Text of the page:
Glad to hear you agree with the comments in regards to tires and proper weighting and loading but really disappointed to hear you don't as the European's do think it necessary to abide by the towing specifications of the auto manufacturer. As a your a professional Mechanical Engineer I am more than a little surprised at that. All the ones I have worked with & supervised through my work tend to give a much higher level of respect to manufactures specifications especially when it comes to safety. None are willing to risk their professional designation or reputation by not following manufactures specs and have something go wrong.

You may wish to ask your insurance adjuster to talk with some of their actual accident investigators about the topic and read the find print carefully on your insurance policy.

I couldn't agree more that it would be nice if people and their trailer equipment had to pass a test and inspection as you say there are indeed people out there with very questionable set ups. Fortunately the vast majority here don't fall into that category. As on all forums on the internet we have a handful who for their own reasons encourage folks to tow over their cars tow capacities but you can be sure they will not be the ones helping to pay the legal fees if it all goes badly wrong and it turns out the professional engineers who helped set the towing specs of the vehicle actually know what they were talking about. Seems all rather foolish to take such risks when one looks at the number of smaller fuel-efficient cars that are available today that are rated to tow many of the small fiberglass trailers that people tow here.
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Old 10-25-2012, 03:45 PM   #12
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The thing that's unclear to me is:

Why add a W/D hitch to this car at all?

Regardless of type, a W/D system won't increase towing capacity of any vehicle... and as for stability/sway prevention, that's NOT what they're designed for. Controlling sway is much more a function of proper loading/operation than anything else, and anti-sway devices mask the symptoms that an alert driver should be "listening for" all the time.

I think mechanical sway control devices are a giver-of-false security since they don't eliminate the forces that cause the sway, which forces are instead transmitted to the hitch system/frame of the tow vehicle.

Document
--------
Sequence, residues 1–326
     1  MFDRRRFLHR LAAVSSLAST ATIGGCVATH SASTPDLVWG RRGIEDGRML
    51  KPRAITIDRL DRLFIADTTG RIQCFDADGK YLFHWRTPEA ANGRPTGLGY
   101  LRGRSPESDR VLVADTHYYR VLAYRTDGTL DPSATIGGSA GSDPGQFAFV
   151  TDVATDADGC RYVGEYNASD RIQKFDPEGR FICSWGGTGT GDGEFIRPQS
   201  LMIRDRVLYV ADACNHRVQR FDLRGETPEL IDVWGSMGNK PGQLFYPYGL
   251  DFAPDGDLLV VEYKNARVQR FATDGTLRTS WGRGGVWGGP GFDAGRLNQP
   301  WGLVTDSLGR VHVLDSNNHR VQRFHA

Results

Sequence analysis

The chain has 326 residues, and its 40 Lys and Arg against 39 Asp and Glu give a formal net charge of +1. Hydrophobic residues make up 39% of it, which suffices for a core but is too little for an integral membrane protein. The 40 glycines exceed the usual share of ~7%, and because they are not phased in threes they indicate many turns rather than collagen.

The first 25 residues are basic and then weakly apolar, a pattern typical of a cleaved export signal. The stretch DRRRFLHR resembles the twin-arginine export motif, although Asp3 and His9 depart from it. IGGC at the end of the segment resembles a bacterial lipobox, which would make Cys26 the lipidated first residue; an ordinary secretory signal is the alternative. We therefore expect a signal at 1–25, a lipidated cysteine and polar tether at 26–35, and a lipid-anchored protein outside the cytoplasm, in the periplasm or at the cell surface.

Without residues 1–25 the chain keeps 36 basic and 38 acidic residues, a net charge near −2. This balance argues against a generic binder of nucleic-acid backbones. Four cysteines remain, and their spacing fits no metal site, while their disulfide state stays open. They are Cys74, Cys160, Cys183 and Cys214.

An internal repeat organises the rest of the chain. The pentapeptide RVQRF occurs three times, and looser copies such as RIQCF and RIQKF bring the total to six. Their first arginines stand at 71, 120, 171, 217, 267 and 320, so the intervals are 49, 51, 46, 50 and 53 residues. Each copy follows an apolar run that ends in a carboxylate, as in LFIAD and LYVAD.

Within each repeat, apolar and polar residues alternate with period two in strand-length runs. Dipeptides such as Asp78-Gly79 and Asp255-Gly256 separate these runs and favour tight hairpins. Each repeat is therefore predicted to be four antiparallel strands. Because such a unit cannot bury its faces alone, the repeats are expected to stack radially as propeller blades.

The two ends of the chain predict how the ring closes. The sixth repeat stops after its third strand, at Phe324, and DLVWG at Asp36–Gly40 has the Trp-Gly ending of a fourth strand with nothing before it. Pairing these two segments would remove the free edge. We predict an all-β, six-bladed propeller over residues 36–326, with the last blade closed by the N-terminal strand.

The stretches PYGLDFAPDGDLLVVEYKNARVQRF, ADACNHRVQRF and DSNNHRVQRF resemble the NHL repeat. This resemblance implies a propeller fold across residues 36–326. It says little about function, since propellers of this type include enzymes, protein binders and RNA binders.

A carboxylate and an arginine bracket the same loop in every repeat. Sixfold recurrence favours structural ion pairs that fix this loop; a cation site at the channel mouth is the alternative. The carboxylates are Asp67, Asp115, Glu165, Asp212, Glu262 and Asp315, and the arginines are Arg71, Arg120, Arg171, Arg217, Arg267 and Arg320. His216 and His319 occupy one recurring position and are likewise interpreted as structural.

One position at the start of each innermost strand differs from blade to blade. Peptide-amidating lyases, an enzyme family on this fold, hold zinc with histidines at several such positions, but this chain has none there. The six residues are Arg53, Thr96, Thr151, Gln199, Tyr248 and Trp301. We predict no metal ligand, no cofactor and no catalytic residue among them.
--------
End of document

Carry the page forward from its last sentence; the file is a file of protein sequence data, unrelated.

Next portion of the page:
And in the case of a W/D system on a unibody vehicle, those forces can be great enough to do considerable damage to the vehicle's "frameless" frame.

Francesca
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Old 10-25-2012, 03:49 PM   #13
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The Jetta Sports wagon (golf wagon in Canada) on sale is made in Mexico for the NA market
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Old 10-25-2012, 04:35 PM   #14
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Another Engineer... with a trusting wife

I appreciate people who are willing to step out of the box because they can make a difference. Best in your pursuit.

The suggestion of talking with Can-AM RV is a good one. They tow up to 25 foot Airstreams with a Jetta TDI. The following is a cut from one of their articles.

"When I mention that we are towing with a Jetta Diesel the first assumption is that it is a very small car to be towing with. Most people don¡¯t realize that the Jetta grew up a couple of years ago, and it is now a far more substantial vehicle with independent rear suspension. As well, the Diesel engine grew to 1.9 litres with 100 HP and 177 lbs ft of torque at just 1600 RPM.

The Jetta¡¯s wheelbase is 101.5¡± and the rear overhang is 45¡±, or 44% of the wheelbase. This is more of an overhang that we would normally like, but combined with the independent suspension and the very tight tire and wheel combination it handles very well. It is not quite as stable and aggressive handling as the PT Cruiser, but if you did not do the direct comparison you would find it excellent. The ride is neither harsh nor soft, just a nice balance. The Jetta is a comfortable car to drive long distances. It is also very quiet, with the diesel only noticeable during cold starts.

Interestingly, in Europe, where they don't use equalizing hitches and unbelievably still use mechanical trailer brakes, the Jetta has a 3000 lb. towing recommendation. In North America it is rated at only 1000 lbs., likely because they don¡¯t see the towing capability as a marketing advantage. We were able to install a very solid hitch platform on the Jetta that reaches forward of the rear wheels - we use a 550lb. Eaz-Lift hitch with a welded ball mount."


The following is a link to the article that has this quote. I have numerous links to Can-AM if you like. Send me a PM and I'll send them to you.


RV Lifestyle - Hitch Hints

Definitely I'll be interested in your project. Like you, we tow with a vehicle that many feel unfit for the job, even after 30-40,000 miles.